Exosomal secretion of α-synuclein as protective mechanism after upstream blockage of macroautophagy

Natascha Fussi, Matthias Höllerhage, Tasnim Chakroun, Niko Petteri Nykänen, Thomas W. Rösler, Thomas Koeglsperger, Wolfgang Wurst, Christian Behrends, Günter U. Höglinger

Research output: Contribution to journalArticlepeer-review

105 Scopus citations

Abstract

Accumulation of pathological α-synuclein aggregates plays a major role in Parkinson's disease. Macroautophagy is a mechanism to degrade intracellular protein aggregates by wrapping them into autophagosomes, followed by fusion with lysosomes. We had previously shown that pharmacological activation of macroautophagy protects against α-synuclein-induced toxicity in human neurons. Here, we hypothesized that inhibition of macroautophagy would aggravate α-synuclein-induced cell death. Unexpectedly, inhibition of autophagosome formation by silencing of ATG5 protected from α-synuclein-induced toxicity. Therefore, we studied alternative cellular mechanisms to compensate for the loss of macroautophagy. ATG5 silencing did not affect the ubiquitin-proteasome system, chaperone systems, chaperone-mediated autophagy, or the unfolded protein response. However, ATG5 silencing increased the secretion of α-synuclein via exosomes. Blocking exosomal secretion exacerbated α-synuclein-induced cell death. We conclude that exosomal secretion of α-synuclein is increased after impaired formation of autophagosomes to reduce the intracellular α-synuclein burden. This compensatory mechanism prevents α-synuclein-induced neuronal cell death.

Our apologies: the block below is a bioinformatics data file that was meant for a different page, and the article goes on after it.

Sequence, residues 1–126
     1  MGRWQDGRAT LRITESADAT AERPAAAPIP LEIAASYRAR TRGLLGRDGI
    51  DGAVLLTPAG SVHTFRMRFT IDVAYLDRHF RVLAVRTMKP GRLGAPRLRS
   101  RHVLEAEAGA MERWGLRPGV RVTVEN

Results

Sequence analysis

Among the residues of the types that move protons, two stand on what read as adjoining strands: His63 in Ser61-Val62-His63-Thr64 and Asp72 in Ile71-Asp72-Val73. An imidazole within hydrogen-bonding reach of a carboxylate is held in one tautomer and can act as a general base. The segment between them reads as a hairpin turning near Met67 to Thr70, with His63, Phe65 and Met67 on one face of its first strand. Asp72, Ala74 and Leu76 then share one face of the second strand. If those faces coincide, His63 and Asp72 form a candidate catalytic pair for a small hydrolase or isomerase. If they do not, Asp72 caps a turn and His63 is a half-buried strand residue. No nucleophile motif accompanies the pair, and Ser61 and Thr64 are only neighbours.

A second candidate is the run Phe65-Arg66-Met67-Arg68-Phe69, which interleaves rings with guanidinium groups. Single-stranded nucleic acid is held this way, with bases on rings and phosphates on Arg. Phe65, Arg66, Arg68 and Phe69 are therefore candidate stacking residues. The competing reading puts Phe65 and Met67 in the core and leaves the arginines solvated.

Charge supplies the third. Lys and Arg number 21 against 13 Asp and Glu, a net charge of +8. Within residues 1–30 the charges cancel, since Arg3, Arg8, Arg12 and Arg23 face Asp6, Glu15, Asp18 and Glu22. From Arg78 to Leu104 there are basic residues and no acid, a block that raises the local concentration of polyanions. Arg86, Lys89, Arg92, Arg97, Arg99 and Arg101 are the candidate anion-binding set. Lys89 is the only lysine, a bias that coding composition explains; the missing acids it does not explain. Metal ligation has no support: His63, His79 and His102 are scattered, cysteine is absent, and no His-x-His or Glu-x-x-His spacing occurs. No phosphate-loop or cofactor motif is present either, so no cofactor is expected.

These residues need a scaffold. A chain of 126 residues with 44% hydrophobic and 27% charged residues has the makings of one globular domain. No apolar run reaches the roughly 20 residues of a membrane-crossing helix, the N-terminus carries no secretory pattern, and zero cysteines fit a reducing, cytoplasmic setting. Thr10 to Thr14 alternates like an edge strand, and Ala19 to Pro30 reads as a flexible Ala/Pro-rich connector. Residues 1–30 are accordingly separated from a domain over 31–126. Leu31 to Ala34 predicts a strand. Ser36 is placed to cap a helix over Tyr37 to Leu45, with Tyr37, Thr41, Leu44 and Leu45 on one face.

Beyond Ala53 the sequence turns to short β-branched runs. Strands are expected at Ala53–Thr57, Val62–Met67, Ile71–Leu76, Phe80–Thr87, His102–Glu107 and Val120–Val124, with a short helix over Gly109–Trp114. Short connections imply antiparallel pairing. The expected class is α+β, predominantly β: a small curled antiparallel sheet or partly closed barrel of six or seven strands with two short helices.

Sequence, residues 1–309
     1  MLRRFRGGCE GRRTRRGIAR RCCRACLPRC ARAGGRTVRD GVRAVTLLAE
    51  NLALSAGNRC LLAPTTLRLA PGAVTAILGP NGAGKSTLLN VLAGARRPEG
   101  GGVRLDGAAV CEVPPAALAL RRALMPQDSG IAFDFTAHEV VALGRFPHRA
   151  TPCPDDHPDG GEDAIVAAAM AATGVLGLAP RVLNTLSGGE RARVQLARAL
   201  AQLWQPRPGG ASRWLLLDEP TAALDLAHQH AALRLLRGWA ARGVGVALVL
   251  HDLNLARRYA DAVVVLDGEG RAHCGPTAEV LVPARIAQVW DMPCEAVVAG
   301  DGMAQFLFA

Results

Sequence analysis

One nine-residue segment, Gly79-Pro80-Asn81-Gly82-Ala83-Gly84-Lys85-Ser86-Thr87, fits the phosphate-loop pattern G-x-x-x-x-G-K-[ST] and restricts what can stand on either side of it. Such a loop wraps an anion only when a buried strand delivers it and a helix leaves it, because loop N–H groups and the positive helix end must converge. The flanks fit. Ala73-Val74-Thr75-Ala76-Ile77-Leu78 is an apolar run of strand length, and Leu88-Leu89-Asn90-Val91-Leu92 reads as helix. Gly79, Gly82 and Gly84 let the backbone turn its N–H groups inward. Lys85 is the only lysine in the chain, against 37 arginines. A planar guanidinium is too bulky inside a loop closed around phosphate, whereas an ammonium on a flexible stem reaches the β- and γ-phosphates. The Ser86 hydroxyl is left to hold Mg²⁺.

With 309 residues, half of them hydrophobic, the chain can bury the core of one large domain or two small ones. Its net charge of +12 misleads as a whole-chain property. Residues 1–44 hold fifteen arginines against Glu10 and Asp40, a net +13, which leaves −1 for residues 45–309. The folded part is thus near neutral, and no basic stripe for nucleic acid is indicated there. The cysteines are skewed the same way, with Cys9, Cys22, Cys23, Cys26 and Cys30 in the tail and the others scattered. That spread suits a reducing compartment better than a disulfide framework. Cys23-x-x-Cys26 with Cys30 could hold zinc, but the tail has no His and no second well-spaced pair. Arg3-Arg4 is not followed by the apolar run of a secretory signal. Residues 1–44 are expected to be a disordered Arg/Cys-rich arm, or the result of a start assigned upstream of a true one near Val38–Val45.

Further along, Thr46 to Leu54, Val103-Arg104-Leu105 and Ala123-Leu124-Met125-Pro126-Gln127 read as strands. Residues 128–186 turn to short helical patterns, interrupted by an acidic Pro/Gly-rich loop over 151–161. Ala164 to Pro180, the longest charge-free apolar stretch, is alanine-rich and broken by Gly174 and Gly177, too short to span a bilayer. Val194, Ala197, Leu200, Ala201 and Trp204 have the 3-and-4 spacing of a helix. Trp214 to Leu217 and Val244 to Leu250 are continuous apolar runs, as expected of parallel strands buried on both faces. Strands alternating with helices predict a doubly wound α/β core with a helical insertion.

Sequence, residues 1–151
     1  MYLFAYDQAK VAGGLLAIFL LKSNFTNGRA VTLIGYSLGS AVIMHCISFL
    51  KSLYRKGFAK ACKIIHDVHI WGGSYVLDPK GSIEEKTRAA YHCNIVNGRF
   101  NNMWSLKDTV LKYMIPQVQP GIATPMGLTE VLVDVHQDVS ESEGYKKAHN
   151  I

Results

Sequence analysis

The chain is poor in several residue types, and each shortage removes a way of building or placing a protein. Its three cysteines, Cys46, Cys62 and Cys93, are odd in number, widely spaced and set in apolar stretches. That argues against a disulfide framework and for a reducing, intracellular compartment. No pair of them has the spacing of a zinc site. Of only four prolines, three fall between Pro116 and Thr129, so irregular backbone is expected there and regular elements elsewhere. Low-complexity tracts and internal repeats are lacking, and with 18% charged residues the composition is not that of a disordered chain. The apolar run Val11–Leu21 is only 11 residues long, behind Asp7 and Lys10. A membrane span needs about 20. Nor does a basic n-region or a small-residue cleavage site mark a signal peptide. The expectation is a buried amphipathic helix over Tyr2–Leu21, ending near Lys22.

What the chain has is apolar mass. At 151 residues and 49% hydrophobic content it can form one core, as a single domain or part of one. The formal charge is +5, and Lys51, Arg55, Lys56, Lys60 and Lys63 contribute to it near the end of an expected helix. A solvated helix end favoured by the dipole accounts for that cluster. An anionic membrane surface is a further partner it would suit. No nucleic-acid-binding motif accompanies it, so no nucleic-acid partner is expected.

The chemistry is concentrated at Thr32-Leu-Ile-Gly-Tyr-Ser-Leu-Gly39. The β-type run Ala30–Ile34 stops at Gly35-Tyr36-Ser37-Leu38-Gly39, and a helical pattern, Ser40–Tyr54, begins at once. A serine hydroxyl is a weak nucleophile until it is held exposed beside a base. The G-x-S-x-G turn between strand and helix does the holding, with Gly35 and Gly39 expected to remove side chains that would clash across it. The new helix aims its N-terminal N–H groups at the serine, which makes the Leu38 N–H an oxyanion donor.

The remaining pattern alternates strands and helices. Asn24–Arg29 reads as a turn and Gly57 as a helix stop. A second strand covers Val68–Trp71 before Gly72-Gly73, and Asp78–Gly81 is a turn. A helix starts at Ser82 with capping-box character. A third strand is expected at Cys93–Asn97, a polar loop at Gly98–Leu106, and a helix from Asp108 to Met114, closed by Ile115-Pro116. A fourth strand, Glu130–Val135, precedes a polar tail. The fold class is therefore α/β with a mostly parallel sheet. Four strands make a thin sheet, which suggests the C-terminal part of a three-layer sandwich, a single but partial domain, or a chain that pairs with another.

Original languageEnglish
Article number757
JournalCell Death and Disease
Volume9
Issue number7
DOIs
StatePublished - 1 Jul 2018

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